but actually, why am i defending big protests? generally speaking i'm as fed up with them as the next person. they often feel pointless and rather dull and sort of depressing. i remember after the massive feb stw demo in london being on the coach back to manchester and thinking well that was a bit of a buzz but the worlds still here, nothings changed cause we've been allowed to have our shout and feeling quite down when everyone else was gibbering with joy.

Ed's picture
Ed
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Joined: 1-10-03
Sep 16 2005 10:22
nastyned wrote:
How strange. And there was me thinking that a critique of this sort of thing was consistently developed and published in the pages of resistance.

What, like here:

resistance #48 - April 2003 wrote:
CLAAAC!

Recently, the Anarchist Federation gave its support to the “Convergence of Anti-Authoritarian and Anti-capitalist Struggles” ( CLAAAC), the French-Italian based network which has been set up to counter the G8 at Evian. They write: “We believe that between human beings, there should exist relationships other than that of the market, of domination, alienation and exploitation. Pollution, the waste of natural resources and differences in wealth are ever more catastrophic...”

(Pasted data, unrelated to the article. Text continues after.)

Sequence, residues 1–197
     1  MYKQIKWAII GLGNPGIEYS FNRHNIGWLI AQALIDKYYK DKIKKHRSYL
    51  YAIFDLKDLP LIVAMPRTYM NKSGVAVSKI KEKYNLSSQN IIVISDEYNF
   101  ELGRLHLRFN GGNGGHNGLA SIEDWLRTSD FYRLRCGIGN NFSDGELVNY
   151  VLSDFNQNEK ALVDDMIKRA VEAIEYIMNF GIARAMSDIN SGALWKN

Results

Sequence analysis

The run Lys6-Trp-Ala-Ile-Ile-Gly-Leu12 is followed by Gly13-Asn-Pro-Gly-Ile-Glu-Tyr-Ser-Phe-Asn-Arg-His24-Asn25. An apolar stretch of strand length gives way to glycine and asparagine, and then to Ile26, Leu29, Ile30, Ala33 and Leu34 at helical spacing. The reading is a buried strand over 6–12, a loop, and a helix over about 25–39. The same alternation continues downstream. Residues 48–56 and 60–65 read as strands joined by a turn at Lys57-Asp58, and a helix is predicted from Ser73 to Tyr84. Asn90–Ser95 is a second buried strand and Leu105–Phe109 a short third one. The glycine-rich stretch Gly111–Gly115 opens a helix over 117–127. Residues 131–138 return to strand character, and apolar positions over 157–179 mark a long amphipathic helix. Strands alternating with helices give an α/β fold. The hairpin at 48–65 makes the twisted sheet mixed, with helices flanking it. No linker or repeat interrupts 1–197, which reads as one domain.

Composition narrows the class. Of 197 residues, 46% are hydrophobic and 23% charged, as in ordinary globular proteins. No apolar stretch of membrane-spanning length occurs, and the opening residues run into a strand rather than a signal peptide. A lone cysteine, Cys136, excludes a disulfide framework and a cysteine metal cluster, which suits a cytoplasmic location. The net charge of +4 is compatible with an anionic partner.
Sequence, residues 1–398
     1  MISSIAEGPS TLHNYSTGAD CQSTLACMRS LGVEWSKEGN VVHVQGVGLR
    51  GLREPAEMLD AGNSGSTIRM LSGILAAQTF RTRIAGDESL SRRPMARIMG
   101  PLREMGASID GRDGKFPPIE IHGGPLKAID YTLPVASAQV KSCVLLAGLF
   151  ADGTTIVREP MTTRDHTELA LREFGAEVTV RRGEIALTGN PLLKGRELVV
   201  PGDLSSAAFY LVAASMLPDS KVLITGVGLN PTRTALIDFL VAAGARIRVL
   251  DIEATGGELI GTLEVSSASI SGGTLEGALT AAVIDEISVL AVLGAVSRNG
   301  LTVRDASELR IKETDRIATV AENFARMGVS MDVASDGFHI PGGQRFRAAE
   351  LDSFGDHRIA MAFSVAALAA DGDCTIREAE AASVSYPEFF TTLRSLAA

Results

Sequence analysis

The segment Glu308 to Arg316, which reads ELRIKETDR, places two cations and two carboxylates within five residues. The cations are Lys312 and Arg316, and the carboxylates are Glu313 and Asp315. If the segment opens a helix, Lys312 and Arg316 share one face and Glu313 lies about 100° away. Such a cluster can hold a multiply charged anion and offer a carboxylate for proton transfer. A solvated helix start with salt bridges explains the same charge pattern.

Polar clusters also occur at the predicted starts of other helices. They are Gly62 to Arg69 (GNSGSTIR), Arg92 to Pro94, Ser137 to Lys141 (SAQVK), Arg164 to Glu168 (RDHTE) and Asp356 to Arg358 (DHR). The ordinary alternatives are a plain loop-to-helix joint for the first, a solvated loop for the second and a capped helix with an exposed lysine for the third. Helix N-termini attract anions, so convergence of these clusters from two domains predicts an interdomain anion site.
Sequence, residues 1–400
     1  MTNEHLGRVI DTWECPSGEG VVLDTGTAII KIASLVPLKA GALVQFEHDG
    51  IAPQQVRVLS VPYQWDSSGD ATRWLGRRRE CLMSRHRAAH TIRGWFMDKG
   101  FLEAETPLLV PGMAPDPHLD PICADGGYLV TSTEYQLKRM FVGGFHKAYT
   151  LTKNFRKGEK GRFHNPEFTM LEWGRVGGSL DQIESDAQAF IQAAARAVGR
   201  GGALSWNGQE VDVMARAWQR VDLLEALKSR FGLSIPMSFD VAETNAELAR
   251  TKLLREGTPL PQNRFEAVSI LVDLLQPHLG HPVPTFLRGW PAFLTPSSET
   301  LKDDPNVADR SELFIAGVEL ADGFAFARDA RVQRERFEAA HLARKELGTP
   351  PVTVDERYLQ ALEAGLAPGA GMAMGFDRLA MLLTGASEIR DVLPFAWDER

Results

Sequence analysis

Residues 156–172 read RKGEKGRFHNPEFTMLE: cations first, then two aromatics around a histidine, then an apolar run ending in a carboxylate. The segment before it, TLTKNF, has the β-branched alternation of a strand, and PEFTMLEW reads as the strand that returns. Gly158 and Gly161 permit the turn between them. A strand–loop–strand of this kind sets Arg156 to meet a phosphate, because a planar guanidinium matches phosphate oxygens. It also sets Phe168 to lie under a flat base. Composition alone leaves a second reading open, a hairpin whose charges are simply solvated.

Read the full statement online at www.claaacg8.org contact us for a copy.

Not having a go, and I know that there were articles where the AF argued for community and workplace organising (in that same issue in fact), but there was never the clear break with activist politics that (I reckon, anyway) is necessary. Possibly because it was thought the AF could recruit off the back of it?

Again, not having a go, no group's perfect but for you to come in and act as if the AF has always stood against activist wank and in defence of good proletarian organising is just ridiculous.

Quote:
Who did Ed try discussing stuff with? Is he in any anarchist group?

First of all, you can address me. This might be the internet but you don't need to speak to me through Big Papa Catch! wink

Secondly, I was in the AYN, from the beginning, through all the shitty activism, until it died a spectacularly embarrassing death akin only to having a heart attack while fucking a chicken. I discussed stuff with my mates (both in and out of the AYN).

I don't understand your interest though. Do you think that if I'd joined the AF when I was 16 then you lot would've got all that activist shite out of me quicker? Coz Tommy Ascaso joined the AF when he was 17 (and I was 16) and his political development has been pretty similar (if not exactly the same) to mine. Come on mate, you lot aren't exactly Socialisme ou Barbarie! I mean, the June issue of resistance has a massive article on the front page about the G8 and there's half a sentence talking about how grassroots organising is what we should be doing and the rest is all encouragement to either go to Gleneagles or hold local anti-G8 protests!

For fucks sake! You guys are much better than that so why did it go in?